Monday, May 14, 2012

Compost Potatoes

A few months ago (back in February) Michael and I were planting a handful of early crops. We were even bold enough to put out some seed potatoes, since spring in Fresno (California) comes pretty early. At the time, blossoms were already out on the almond trees throughout the valley.

Since we have a fairly small garden spot, we had left-over potato pieces after planting. Michael, as an afterthought, just tossed the extra pieces in the compost pile. Neither one of us thought much about it until a few days later when I noticed young potato leaves coming up – not from the planted potatoes, but from the discarded ones in the compost.

It seems that the small seed potatoes had fallen heavy enough to move into the compost heap by a few inches. It was deep enough that the warmth of the old decomposing leaves and lawn clippings encouraged them to grow – even at a time (in the middle of a mild winter) when we were still experiencing occasional frosts.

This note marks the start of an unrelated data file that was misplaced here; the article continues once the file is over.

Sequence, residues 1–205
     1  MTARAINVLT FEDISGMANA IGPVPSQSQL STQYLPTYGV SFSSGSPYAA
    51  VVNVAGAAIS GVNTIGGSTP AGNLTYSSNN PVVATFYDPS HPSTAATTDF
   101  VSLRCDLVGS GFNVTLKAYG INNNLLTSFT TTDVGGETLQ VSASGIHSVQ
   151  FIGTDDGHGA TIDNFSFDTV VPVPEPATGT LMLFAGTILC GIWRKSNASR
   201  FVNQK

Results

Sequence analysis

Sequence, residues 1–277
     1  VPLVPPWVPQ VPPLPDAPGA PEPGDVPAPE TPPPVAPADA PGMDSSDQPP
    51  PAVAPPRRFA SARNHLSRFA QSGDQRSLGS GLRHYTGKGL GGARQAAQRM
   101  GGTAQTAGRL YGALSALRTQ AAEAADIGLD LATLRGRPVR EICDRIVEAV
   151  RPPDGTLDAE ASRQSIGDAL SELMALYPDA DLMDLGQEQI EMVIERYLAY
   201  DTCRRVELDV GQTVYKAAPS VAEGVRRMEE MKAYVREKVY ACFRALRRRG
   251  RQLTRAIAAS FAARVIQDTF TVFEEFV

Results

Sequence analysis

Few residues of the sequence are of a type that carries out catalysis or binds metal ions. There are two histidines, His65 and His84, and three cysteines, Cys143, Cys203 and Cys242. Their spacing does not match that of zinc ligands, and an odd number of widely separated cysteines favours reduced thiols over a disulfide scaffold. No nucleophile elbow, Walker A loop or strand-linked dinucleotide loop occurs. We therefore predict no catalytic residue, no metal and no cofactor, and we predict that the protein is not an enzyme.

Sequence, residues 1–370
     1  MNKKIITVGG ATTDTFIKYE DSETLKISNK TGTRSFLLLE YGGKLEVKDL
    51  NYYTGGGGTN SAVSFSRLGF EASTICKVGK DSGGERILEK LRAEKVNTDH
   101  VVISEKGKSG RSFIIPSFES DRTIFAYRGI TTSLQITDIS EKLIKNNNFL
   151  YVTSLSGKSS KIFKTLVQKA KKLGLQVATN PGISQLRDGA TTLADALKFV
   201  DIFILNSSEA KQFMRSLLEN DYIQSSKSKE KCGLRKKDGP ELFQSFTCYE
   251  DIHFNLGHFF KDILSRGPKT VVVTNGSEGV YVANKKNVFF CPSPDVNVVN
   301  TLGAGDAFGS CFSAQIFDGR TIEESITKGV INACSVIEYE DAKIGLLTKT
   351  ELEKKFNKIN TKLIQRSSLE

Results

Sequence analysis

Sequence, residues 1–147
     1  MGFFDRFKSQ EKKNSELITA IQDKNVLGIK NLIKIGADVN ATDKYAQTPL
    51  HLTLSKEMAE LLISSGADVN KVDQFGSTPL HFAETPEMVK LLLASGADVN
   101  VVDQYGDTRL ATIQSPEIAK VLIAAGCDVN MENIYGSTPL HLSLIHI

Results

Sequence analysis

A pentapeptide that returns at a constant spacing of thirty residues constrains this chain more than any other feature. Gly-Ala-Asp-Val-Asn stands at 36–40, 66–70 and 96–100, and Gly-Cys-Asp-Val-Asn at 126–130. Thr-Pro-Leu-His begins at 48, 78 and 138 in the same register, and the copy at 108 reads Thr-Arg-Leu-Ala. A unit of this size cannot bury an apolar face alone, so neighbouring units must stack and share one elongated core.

I watched the potatoes grow. They didn’t seem to be bothered by the few freezing nights that we had, nor were they bothered by the lack of direct sunlight (my compost pile is in an area that is shaded all of the time in the winter). They grew rapidly and were obviously very happy where they were.

Last week, I needed some of the compost and had to pull up one of the plants. To my pleasant surprise, I found three nice potatoes – about the size of lemons. This is definitely the earliest I have ever harvested potatoes before – its only mid May, mind you!

Next year I plan on repeating the experiment – maybe even plant the things in January. I’m beginning to wonder if potatoes might yield two crops a year if managed half the time in compost. Michael is quite pleased by all this. He’s claiming that it was his discovery. I guess maybe it was.

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